Home Prices Continued to Rise in November -- 2nd Update

FeaturesDow Jones Newswires

Home prices continued their sharp upward trajectory in November, a trend that is likely to continue this year due to continued shortages of homes for sale.

The S&P CoreLogic Case-Shiller National Home Price Index, which covers the entire nation, rose 6.2% in the 12 months ended in November, up slightly from a 6.1% year-over-year increase reported in October.

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The 10-city index gained 6.1% over the year, up from 5.9% in October. The 20-city index gained 6.4%, up from 6.3% the previous month. Economists surveyed by The Wall Street Journal expected the 20-city index to rise 6.3% in November.

Economists said the primary culprit in the continued sharp price increases is a lack of new supply.

"Given slow population and income growth since the financial crisis, demand is not the primary factor in rising home prices," said David Blitzer, managing director at S&P Dow Jones Indices. "Without more supply, home prices may continue to substantially outpace inflation."

Mr. Blitzer said that housing starts in recent years have been even weaker during the recovery than they were during the 2007-2009 financial crisis. From 2010 to the latest month of data, single-family starts have averaged 632,000 annually, less than the average of 698,000 in the financial crisis and far less than the long-term average of 1 million starts annually.

Markets that are seeing the steepest increases remain concentrated on the West Coast. Seattle reported the largest annual gain, at 12.7%, followed by Las Vegas at 10.6%. San Francisco, which had seen price increases slow over the last couple of months, reported the third-strongest gain, at 9.1%.

Month-over-month, the U.S. index rose 0.2% in November before seasonal adjustment, while the 10-city rose 0.3% and the 20-city index rose 0.2% from October to November.

After seasonal adjustment, the national index rose 0.7% month-over-month, the 10-city index saw a 0.8% increase and the 20-city index rose 0.7%. All 20 cities saw price increases after seasonal adjustment.

Existing home sales in 2017 reached their highest level since 2006, according to data released by the National Association of Realtors last week. Adjusting for population sales remain sluggish, however, a trend economists say is also due to the lack of supply.

Write to Laura Kusisto at laura.kusisto@wsj.com

Home prices continued their sharp upward trajectory in November, a trend that is likely to continue this year due to continued shortages of homes for sale.

The S&P CoreLogic Case-Shiller National Home Price Index, which covers the entire nation, rose 6.2% in the 12 months ended in November, up slightly from a 6.1% year-over-year increase reported in October.

The 10-city index gained 6.1% over the year, up from 5.9% in October. The 20-city index gained 6.4%, up from 6.3% the previous month. Economists surveyed by The Wall Street Journal expected the 20-city index to rise 6.3% in November.

Economists said the primary culprit in the continued sharp price increases is a lack of new supply.

"Given slow population and income growth since the financial crisis, demand is not the primary factor in rising home prices," said David Blitzer, managing director at S&P Dow Jones Indices. "Without more supply, home prices may continue to substantially outpace inflation."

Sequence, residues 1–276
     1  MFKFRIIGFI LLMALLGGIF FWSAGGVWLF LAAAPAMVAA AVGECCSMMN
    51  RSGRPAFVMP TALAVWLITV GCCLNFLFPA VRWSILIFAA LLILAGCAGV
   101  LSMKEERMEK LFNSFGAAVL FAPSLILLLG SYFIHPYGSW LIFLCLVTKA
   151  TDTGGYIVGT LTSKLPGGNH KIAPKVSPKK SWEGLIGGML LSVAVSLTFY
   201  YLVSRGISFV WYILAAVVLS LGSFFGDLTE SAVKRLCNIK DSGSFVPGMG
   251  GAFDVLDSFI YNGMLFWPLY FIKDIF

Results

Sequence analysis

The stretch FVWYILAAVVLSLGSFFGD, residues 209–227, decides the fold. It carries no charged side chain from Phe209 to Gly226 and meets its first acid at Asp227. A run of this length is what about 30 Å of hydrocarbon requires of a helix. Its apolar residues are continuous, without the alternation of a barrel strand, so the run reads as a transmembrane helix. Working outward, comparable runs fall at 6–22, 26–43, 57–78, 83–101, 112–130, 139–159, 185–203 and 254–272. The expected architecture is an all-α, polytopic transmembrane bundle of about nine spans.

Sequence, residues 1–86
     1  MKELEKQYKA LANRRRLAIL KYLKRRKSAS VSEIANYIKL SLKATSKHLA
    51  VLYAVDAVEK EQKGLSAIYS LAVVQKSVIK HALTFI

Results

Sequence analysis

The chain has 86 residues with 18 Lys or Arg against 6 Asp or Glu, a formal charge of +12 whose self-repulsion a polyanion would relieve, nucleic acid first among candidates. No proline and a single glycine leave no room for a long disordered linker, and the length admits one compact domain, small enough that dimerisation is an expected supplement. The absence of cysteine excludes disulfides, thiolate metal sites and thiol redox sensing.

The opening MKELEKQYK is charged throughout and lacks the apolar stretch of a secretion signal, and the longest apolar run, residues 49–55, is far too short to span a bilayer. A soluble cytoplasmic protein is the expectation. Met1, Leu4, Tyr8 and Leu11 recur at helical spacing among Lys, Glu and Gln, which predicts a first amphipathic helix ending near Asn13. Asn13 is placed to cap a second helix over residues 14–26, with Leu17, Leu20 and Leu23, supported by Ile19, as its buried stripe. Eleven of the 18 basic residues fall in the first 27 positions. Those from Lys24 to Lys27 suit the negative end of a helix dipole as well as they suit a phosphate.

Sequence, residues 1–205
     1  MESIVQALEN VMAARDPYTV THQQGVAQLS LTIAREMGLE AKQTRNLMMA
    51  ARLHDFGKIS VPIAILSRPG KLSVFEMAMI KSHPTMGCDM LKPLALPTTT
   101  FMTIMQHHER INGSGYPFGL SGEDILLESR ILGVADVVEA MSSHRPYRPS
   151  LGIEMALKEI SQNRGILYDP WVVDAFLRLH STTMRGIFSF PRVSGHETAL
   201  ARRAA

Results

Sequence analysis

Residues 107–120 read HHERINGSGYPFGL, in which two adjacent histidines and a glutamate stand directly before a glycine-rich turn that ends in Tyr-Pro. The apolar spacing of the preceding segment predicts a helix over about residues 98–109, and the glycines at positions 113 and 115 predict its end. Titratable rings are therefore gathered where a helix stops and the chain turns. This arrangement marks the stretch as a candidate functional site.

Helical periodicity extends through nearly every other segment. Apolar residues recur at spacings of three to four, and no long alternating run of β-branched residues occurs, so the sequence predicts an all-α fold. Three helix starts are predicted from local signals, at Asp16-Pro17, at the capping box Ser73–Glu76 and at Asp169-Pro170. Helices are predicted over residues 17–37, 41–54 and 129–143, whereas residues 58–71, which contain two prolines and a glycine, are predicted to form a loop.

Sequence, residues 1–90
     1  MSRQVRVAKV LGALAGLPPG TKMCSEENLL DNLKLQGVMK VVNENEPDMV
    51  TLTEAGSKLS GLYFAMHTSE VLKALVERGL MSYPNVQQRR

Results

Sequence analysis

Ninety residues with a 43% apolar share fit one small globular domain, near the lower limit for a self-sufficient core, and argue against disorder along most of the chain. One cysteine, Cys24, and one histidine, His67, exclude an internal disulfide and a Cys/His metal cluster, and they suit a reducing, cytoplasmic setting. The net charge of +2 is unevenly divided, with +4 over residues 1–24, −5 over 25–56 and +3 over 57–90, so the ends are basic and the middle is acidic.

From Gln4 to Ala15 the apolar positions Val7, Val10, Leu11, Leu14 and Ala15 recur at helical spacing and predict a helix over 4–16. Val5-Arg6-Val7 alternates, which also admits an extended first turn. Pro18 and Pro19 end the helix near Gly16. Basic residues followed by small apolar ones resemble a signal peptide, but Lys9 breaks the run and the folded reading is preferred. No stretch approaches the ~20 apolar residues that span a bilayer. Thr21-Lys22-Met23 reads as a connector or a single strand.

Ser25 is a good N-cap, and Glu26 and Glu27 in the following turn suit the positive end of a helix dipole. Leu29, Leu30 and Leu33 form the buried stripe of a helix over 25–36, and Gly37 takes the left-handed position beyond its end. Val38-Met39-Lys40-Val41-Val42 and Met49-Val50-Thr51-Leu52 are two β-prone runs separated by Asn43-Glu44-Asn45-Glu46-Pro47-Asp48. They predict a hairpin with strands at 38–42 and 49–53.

Mr. Blitzer said that housing starts in recent years have been even weaker during the recovery than they were during the 2007-2009 financial crisis. From 2010 to the latest month of data, single-family starts have averaged 632,000 annually, less than the average of 698,000 in the financial crisis and far less than the long-term average of 1 million starts annually.

Markets that are seeing the steepest increases remain concentrated on the West Coast. Seattle reported the largest annual gain, at 12.7%, followed by Las Vegas at 10.6%. San Francisco, which had seen price increases slow over the last couple of months, reported the third-strongest gain, at 9.1%.

"It's hard to find a place to call home anymore," said Chris Rupkey, chief financial economist at financial firm MUFG. He said that home values "continue to move out of reach for home buyers in many markets which will lead to instability in the economy at some point."

Month-over-month, the U.S. index rose 0.2% in November before seasonal adjustment, while the 10-city rose 0.3% and the 20-city index rose 0.2% from October to November.

After seasonal adjustment, the national index rose 0.7% month-over-month, the 10-city index saw a 0.8% increase and the 20-city index rose 0.7%. All 20 cities saw price increases after seasonal adjustment.

Existing home sales in 2017 reached their highest level since 2006, according to data released by the National Association of Realtors last week. Adjusting for population sales remain sluggish, however, a trend economists say is also due to the lack of supply.

"More supply will be critical to the continued health of the housing market going forward, as demand from home buyers is very unlikely to fade over the next year and beyond," Zillow Senior Economist Aaron Terrazas said.

November's numbers don't reflect the impact of changes to the tax code passed late last year. Limits on deductions for state and local taxes and the mortgage interest deduction could dampen demand for housing and stymie home-price increases in a number of the pricier markets tracked by Case-Shiller, including the New York City area, San Francisco and Los Angeles.

Write to Laura Kusisto at laura.kusisto@wsj.com

(END) Dow Jones Newswires

January 30, 2018 10:31 ET (15:31 GMT)

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